cleverly superimposed animation over live action (and which he still

ranks among his best work). More recently, and perhaps more

surprisingly, he’s been responsible for the tongue-in-cheek KFC campaign

for Ogilvy & Mather.



It’s perhaps this stubborn refusal to be typecast or compartmentalised

that has held him back in the commercials arena. ’It is tricky,’ he

admits.



’It’s important to me that I move on and try different things, though

central to everything I do is capturing the spirit, whatever that spirit

happens to be. People also seem to have a problem with me directing

films, which I really don’t understand. Why do they find it so

hard?’



It’s a practical problem as much as anything else. Pope’s last movie,

Crow - City of Angels, which briefly held the number one position in the

US box office, took him out of circulation for more than three years as

he was immersed in the machinations of Hollywood. A not entirely happy

episode, he still believes it provided valuable lessons for the

future.



’I learned a lot from it very quickly,’ he says, ’particularly from my

mistakes.’



His next feature project - which he stresses is a long way off - is a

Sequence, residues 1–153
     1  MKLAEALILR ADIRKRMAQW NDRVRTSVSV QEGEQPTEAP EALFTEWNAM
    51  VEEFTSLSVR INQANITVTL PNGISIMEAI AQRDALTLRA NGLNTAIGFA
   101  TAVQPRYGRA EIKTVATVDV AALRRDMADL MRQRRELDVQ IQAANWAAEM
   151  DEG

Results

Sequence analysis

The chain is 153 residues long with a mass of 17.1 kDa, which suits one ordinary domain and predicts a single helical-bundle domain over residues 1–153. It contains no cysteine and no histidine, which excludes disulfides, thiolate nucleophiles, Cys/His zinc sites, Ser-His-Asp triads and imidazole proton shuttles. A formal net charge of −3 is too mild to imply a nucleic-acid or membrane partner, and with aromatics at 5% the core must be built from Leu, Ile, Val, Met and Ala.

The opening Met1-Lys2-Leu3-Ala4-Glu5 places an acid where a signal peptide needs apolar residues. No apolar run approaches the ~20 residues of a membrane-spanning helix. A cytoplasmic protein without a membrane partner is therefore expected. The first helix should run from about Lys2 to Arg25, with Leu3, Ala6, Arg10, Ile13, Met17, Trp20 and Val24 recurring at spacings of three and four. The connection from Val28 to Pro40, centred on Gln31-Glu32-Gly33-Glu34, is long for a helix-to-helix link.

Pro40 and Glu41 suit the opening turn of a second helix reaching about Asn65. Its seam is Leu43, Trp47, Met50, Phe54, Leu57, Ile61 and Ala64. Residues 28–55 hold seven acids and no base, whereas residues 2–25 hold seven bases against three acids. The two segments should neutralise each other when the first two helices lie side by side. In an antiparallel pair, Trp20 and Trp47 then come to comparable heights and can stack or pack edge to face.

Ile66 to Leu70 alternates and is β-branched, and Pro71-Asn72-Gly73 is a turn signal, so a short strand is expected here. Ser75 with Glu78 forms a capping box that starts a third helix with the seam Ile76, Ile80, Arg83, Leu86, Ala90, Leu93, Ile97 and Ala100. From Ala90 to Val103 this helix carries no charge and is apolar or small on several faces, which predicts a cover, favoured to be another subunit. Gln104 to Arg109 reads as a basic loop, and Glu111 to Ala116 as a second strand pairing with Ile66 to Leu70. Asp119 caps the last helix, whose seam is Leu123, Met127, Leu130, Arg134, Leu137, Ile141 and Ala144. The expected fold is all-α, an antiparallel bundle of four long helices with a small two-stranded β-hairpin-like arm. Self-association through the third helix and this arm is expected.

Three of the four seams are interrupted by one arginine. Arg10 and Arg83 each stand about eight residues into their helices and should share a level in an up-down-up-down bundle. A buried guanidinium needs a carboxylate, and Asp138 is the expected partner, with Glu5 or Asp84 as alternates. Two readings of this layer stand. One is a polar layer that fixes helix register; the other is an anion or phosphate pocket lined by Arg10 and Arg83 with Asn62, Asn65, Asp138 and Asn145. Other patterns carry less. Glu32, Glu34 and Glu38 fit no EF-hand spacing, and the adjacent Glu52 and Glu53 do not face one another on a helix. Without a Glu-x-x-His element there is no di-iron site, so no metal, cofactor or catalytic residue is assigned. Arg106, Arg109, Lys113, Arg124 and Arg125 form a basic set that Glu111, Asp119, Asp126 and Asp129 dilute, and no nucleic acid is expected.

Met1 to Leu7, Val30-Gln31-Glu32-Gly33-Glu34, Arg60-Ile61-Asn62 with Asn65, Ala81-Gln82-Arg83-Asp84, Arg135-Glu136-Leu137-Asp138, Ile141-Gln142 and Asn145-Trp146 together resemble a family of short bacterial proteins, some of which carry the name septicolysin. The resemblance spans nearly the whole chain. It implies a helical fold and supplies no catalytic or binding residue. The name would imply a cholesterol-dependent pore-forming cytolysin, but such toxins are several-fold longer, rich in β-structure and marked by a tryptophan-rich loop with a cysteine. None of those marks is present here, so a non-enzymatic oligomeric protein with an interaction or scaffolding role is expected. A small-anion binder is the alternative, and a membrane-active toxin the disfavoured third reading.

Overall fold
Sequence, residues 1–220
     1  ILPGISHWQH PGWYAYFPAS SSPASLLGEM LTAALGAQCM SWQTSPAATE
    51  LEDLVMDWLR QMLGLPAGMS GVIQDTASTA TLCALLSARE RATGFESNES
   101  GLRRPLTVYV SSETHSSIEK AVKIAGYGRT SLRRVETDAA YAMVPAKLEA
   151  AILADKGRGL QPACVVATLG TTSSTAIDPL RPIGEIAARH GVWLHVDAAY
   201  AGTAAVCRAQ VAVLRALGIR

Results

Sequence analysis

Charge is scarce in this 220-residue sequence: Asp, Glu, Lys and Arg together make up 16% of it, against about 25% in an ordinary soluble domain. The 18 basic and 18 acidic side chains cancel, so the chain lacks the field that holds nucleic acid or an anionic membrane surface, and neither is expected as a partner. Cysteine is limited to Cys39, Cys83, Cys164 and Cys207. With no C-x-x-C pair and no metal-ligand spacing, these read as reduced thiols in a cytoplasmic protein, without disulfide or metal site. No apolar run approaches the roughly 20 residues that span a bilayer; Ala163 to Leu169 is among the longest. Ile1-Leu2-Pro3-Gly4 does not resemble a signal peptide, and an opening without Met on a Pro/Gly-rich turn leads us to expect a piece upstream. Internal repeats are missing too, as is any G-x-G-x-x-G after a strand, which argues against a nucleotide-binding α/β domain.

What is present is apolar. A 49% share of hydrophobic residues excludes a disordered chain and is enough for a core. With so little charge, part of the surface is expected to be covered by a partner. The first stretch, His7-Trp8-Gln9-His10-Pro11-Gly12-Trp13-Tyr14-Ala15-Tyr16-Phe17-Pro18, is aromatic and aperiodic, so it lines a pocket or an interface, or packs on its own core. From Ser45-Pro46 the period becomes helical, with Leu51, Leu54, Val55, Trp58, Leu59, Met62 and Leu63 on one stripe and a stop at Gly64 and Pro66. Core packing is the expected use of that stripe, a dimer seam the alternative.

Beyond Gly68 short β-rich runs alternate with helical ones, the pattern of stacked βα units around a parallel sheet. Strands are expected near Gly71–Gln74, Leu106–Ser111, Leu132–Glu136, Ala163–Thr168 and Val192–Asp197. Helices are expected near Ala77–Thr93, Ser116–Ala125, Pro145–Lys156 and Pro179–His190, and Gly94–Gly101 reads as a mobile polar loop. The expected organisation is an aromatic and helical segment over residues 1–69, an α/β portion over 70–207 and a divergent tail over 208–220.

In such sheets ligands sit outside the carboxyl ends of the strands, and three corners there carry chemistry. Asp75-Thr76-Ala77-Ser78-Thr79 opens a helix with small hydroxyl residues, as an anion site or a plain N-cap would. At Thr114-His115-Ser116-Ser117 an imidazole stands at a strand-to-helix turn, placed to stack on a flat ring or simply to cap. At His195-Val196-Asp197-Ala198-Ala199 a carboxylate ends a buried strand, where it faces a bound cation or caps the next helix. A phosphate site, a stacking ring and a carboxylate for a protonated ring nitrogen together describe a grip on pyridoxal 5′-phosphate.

version of Giles Foden’s Whitbread Prize-winning novel, The Last King of

Scotland, which is currently being developed for the screen. ’After

Crow, I was offered a lot of mega Hollywood movies, which involved

blowing things up. But I wanted to do something more challenging over

which I could have more control and more input,’ Pope says.



For someone who wears his feelings about his art on his sleeve, Pope is

surprisingly evasive about his past. ’North London git. Not a poshy,’ is

all he’ll say. He will admit, however, that he went to Ravensbourne

College of Art, where he studied TV drama. ’It wasn’t a fantastic

course. It gave me a wall against which I could bloody my head and, I

guess, pushed me into pop videos.’



From there, he joined a Covent Garden-based company which groomed

politicians to appear on television. He particularly remembers going to

11 Downing Street to give Denis Healey a few pointers and then

purloining the video equipment to film a Specials gig later the same

evening.



Sitting at a boardroom table in a chunky-knit sweater, playing with a

polystyrene cup, the fast-talking Pope looks far more like a friendly

fisherman than the unapproachable Goth he feels the industry sees. He is

keen to affirm his commitment to commercials, notes that Cowboy Films is

his baby (together with his business partner of 17 years’ standing, Lisa

Bryer), and that the company roster includes heavyweight directors such

as Matt Forrest and Nick Lewin.



’Not a lot of people know that I’m the boy in Cowboy,’ he laughs.

Forming lasting relationships, like the one he has managed to establish

with Publicis’s executive creative director, Gerry Moira, is, he

believes, the key to achieving the quality of advertising he aspires

to.



And could he be lured back to pop videos? ’If the music was a lot

wilder, I’d be in there no question,’ he says. ’But once you’ve worked

with Iggy Pop, why bother to work with anyone else? I find commercials

much more fulfilling these days.’



This article was first published on campaignlive.co.uk